Microsoft Corp met its midnight deadline to submit a compromise on its landmark antitrust case with the EU and EU regulators will likely assess the proposal for weeks before deciding whether to impose fines, company officials said yesterday.
"We have submitted the proposals and we are awaiting a response from the EU Commission," said Microsoft spokesman Tom Brookes.
If the EU deems the proposals insufficient, it might slap heavy sanctions on the software giant.
"We will now analyze it very carefully and decide whether it is sufficient or not," said EU antitrust spokesman Jonathan Todd.
Microsoft has to answer complaints from the EU head office it was not fully complying with last year's ruling against it which imposed a fine of 497 million euro (US$624 million) and ruled that the company abusively wielded its Windows software domination to lock competitors out of the market.
The EU has the power to slap fines as high as 5 percent of a company's daily global turnover if it feels its antitrust decisions are not being respected.
Both sides had contacts almost up until midnight Tuesday, the EU-imposed deadline following weeks of negotiations.
Once the commission has come to a decision on the Microsoft proposal, it will inform the company, which will then have time to rebut. Then the EU member states will be consulted and the full EU Executive Commission will decide on the case. The whole process will likely last until the end of next month.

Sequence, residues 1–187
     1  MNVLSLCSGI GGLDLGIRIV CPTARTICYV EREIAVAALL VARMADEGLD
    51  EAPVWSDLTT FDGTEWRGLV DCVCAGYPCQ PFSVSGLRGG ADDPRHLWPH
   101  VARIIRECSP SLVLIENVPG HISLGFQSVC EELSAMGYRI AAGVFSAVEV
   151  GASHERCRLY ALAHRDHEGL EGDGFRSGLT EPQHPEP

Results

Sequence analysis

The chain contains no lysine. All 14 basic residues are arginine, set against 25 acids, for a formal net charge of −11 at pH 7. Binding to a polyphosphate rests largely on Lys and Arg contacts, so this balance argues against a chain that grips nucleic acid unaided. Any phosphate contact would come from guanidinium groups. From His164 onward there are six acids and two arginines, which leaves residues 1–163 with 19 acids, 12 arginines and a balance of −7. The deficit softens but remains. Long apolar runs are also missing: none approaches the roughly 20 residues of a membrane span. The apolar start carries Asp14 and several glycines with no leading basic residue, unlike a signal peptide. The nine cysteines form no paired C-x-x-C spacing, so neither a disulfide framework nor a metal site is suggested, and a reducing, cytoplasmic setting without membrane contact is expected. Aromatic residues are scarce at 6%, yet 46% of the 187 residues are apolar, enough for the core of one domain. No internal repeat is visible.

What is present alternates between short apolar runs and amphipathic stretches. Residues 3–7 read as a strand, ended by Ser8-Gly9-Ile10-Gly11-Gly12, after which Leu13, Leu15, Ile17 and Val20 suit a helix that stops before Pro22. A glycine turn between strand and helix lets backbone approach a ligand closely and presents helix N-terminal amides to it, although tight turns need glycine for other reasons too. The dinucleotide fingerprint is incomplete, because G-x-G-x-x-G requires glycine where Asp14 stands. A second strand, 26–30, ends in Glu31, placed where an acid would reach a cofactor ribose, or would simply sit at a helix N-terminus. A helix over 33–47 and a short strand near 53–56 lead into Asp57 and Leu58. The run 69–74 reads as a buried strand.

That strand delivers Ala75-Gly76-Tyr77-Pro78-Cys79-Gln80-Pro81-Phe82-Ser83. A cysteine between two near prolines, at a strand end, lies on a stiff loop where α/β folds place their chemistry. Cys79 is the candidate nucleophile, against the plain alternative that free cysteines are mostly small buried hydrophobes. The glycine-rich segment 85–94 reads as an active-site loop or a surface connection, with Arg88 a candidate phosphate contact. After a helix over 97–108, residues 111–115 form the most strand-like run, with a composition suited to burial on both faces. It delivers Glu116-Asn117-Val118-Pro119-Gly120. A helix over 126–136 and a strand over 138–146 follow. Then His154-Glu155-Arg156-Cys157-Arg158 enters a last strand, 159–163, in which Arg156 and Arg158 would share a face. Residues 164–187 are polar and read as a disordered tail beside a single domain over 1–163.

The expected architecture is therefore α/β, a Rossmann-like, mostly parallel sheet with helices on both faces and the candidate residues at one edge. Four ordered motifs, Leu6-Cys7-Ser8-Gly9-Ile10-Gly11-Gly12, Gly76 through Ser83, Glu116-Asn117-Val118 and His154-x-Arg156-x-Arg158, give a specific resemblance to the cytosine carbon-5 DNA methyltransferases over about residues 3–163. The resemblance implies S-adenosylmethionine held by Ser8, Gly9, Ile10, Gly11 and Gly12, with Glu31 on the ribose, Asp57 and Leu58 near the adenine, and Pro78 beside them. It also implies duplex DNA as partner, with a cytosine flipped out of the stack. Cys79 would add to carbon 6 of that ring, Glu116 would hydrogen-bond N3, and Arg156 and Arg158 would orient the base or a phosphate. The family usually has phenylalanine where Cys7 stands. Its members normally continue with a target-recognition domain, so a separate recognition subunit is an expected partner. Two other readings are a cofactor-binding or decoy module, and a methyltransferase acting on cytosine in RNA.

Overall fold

During the last days of talks, negotiations centered on pricing and royalties that can be charged to allow software competitors better dovetail their products with Microsoft's Windows platform.
The orders of the European Commission require Microsoft to share under certain conditions its Windows server code with rivals to make the industry more competitive in the European marketplace.
Last month, the EU's regulators were still not convinced the Windows version Microsoft was forced to produce without Media Player was technically up to standard.
Microsoft said in the past it would give competitors a price break on reviewing source code and more time to decide whether they wanted to license it.
During the last high-level contacts last month, EU antitrust chief Neelie Kroes held talks with Microsoft CEO Steve Ballmer to seek a breakthrough in the five-year standoff.